Mrs. Smedley's Art Class

by Carl Santoro

"Quiet down please. Settle in," said Mrs. Smedley.

"So, I've had all thirty of you submit your black and white drawings, one every day, this week for evaluation." 

"But today we will leave those back on a shelf somewhere in your brain. Today I want us to become even bolder and to discover the vibrancy and excitement of COLOR! Using watercolor pencils!"

"I am going to hand you each ten colored pencils, and as before, you each will need to come up and insert each colored pencil into the pencil sharpener until the ten you were given are sharp. Sharp as a dagger I'm expecting."

"Empty the shavings in the pail under my desk and then sit and wait until everyone is done."

(The annoying electric grinding sound of the sharpener became mixed with the rising tide of impatient pencil-tapping, moaning, chatter and bursts of - C'mon, hurry up!)

"As I go around the room I want each of you to drop your pencils into this empty Quaker Oats can. I need all of your pencils in the can. Points down so no one gets pricked."


"Quiet down."

"Well, this actually did hold all 300!" said Mrs. Smedley surprised.

"When I call you up, come and select three pencils and return to your seat. This is the initial stage in todays technique. Sort of like surviving with what you have. Making do."

"First, however, I need a volunteer to empty the shavings."

 (A hand is raised.)

"Thank you, Linda."

"Let me get the pail under here for you." Mrs. Smedley says and bends down.

(Just then the classroom door bursts open. A person in a clown suit is standing in its threshold and raises a pistol, laughing hysterically.)

"Who wants to leave school early, huh? C'mon, who?" yells the clown. 
"You know you do! So who will it be?"

(The pistol fires, hitting the ceiling.)

The clown grabs Linda.

Still bending under her desk, Mrs. Smedley grabs a fistful of the newly-sharpened pencils.

Linda screams and struggles to get free as her classmates dive under their desks.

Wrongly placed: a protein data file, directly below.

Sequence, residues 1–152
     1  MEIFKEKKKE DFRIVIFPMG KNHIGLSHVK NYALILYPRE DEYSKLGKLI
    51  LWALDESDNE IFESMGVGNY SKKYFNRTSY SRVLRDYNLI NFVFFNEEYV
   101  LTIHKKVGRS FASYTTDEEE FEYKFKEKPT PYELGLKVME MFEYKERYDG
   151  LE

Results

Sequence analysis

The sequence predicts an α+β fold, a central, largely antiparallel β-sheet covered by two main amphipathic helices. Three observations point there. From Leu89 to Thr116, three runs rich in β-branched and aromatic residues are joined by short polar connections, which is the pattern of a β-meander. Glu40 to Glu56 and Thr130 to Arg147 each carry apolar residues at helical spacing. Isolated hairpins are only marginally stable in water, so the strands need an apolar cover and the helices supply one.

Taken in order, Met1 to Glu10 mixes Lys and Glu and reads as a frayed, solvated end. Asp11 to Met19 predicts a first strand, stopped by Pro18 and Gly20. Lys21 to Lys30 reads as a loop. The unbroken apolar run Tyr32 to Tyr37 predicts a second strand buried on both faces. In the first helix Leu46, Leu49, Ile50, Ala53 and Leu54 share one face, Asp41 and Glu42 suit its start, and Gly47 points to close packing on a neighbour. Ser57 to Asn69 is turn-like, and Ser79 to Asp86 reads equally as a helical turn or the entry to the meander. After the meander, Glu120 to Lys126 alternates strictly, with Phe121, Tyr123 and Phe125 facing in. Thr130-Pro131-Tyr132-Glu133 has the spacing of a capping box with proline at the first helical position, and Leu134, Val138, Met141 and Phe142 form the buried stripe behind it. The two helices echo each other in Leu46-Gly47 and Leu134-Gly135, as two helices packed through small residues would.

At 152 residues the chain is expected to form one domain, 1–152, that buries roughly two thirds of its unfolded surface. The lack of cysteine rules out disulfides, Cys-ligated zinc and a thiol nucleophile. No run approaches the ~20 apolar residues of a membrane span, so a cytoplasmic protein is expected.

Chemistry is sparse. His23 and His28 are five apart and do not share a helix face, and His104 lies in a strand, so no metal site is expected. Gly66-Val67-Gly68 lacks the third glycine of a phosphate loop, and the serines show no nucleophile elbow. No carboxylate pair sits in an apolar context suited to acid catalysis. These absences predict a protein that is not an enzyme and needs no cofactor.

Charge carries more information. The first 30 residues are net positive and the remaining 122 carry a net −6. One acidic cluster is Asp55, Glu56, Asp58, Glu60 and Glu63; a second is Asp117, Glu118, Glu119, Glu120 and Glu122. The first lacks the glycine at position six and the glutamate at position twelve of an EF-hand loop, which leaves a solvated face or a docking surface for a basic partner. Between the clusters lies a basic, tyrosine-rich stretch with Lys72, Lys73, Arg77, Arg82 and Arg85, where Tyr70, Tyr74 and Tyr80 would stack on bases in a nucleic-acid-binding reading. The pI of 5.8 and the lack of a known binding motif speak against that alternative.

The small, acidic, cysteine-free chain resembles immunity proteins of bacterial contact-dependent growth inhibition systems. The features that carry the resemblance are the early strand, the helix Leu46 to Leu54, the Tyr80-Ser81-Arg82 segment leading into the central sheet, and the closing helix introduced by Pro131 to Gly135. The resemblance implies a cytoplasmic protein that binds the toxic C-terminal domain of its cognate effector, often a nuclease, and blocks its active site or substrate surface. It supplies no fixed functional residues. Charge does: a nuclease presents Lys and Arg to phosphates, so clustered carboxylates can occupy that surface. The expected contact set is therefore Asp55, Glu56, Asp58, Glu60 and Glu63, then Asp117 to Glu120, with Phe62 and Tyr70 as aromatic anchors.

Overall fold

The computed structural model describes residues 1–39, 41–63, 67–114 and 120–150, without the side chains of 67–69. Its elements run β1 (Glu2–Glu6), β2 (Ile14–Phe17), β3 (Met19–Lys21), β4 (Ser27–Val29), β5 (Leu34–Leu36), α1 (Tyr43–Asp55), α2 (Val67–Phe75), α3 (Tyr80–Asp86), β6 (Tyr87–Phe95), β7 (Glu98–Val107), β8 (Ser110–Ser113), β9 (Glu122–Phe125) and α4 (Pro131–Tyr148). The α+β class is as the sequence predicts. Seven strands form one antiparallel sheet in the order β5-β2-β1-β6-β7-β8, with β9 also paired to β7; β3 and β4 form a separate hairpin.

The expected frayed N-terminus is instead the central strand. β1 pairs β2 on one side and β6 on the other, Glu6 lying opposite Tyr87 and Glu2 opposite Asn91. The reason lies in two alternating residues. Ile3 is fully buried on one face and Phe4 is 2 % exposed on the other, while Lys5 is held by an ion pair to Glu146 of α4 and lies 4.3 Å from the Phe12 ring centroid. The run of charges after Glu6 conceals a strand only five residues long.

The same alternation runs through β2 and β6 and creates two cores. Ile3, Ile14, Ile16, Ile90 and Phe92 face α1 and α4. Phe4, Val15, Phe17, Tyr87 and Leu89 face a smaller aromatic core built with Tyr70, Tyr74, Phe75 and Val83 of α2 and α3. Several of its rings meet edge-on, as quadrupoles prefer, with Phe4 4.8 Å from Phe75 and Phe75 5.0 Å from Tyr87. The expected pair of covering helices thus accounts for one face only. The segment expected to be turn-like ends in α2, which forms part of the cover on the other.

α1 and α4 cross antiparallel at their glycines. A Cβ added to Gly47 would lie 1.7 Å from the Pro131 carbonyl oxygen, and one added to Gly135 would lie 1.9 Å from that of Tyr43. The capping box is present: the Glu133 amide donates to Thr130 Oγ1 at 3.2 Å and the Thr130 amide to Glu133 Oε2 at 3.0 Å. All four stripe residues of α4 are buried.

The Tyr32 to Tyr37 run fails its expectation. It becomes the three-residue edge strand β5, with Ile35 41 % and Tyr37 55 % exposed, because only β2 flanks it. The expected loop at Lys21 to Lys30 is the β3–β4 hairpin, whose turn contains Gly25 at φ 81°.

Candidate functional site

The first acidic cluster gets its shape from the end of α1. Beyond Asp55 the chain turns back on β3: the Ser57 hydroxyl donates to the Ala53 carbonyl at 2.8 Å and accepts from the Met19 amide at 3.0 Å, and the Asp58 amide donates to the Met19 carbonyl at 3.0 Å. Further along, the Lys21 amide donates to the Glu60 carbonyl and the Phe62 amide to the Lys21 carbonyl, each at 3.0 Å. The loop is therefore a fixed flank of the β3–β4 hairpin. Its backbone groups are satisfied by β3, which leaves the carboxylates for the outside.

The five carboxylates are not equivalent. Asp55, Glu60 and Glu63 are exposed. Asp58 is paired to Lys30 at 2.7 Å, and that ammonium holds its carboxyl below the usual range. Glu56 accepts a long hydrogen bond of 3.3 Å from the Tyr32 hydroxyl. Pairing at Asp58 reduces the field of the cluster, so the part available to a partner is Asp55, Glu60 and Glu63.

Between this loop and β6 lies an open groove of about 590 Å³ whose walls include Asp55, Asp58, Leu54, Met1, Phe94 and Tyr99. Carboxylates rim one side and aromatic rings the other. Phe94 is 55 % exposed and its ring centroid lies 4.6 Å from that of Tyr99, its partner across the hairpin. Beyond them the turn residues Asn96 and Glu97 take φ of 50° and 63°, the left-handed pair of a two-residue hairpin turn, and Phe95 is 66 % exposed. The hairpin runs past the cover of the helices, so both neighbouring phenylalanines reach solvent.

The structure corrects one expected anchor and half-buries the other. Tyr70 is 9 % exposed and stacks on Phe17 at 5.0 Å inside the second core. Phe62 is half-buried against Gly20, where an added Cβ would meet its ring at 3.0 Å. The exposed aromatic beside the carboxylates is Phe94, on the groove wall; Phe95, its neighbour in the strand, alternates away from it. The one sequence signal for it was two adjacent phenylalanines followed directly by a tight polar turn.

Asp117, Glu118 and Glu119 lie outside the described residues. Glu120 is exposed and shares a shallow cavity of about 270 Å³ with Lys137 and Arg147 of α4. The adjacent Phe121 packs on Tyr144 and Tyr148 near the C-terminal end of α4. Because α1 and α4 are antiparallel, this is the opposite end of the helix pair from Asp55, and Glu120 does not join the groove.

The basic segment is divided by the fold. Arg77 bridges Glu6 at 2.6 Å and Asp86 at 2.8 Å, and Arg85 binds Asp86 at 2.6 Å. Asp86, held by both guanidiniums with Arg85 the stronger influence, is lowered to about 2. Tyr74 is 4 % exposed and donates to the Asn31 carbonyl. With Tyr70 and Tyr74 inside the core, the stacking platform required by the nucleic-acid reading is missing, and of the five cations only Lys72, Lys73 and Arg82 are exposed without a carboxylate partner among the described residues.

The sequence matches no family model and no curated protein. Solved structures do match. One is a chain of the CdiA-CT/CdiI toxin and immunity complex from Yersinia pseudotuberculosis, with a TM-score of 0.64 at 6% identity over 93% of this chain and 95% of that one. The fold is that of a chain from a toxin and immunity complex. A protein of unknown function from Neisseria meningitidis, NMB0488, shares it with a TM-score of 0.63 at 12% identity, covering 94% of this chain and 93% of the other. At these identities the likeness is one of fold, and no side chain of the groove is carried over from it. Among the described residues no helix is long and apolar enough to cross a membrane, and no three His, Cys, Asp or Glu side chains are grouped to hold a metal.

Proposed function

The pistol is now pointed at Linda's head.

Quickly approaching from under her desk, behind the clown, Mrs. Smedley lunges forward and thrusts her handful of pencils deep into the side of the clown's neck.

With a loud shriek, the clown falls back onto her, dropping the pistol.

Linda kicks the pistol away and runs.

The clown, grabbing its neck, writhing in pain, could be heard making desperate short breaths with bloody gurgling sounds, convulsing as Mrs. Smedley continues to drive the pencils deeper. 

(Later the police escort the students out, directing them to keep their hands in the air, as they file out into the parking lot. They wrap Mrs. Smedley in  a blanket as she stares out blankly in shock. "How is Linda? Is Linda alright?" she asks the EMT.)

"She's fine, Mrs. Smedley. She did okay." 

While recording the crime scene, the photographer wondered out loud why the blood on the floor was so colorful, almost beautiful. Thin, snake-like streams each of a different vibrant hue flowing out around the dead body like an  Aurora Borealis halo of sorts.

"Hey, Sarge, what's the point of a watercolor pencil?" asks the photographer

"Sharp, Benny, very sharp."

by Carl Santoro

For Linda Moore, being a Junior in high school came easy. Her grades never disappointed her or her parents. Her pretty looks and long blonde hair had many boys interested. 
She entered the classroom, straightening her eyeglasses with one hand and holding tightly onto the right strap of her backpack, pulling it closer to her body.

"Hey Linda!" shouted Thomas from across the room "Did you bring another apple for Smedley today?"

Linda went directly to her desk, ignoring the question. She placed her backpack on the floor beside her and took from it her watercolor pad and a few pencils and lined them up neatly on her desktop.

A small network of Thomas's friends laughed and began to whisper mean jokes about Linda to each other.

Why can't they just ignore me, Linda thought. They're so immature.

It's true. They are. None of them really felt they could ever land her for a date, so they usually set up a veneer of not-caring.

Linda watched as Mrs. Smedley entered the classroom. Immediately Linda sat up straight. Eyes glued straight ahead.

She thought she heard some kind of muffled commotion out in the hallway.

Thomas raised his hand.

"Yes, Thomas?" said Mrs. Smedley.

"Yeah. I forgot my pad. Can I then be excused? He proceeded to snicker over his shoulder looking for approval from his buddies. His pad clearly resting on his desktop.

"I have extra, Thomas. Come up and take one," she said.

"Oh, never mind. Andy gave me one."

Everyone (or almost everyone) laughed at the set-up and punch line.

Why do they always try to make Mrs. Smedley seem like a fool? thought Linda.

A few minutes into the class session Mrs. Smedley asked for some assistance
 from the students. She needed a volunteer. Linda rushed to her aid.

Suddenly, the door to the classroom swung open.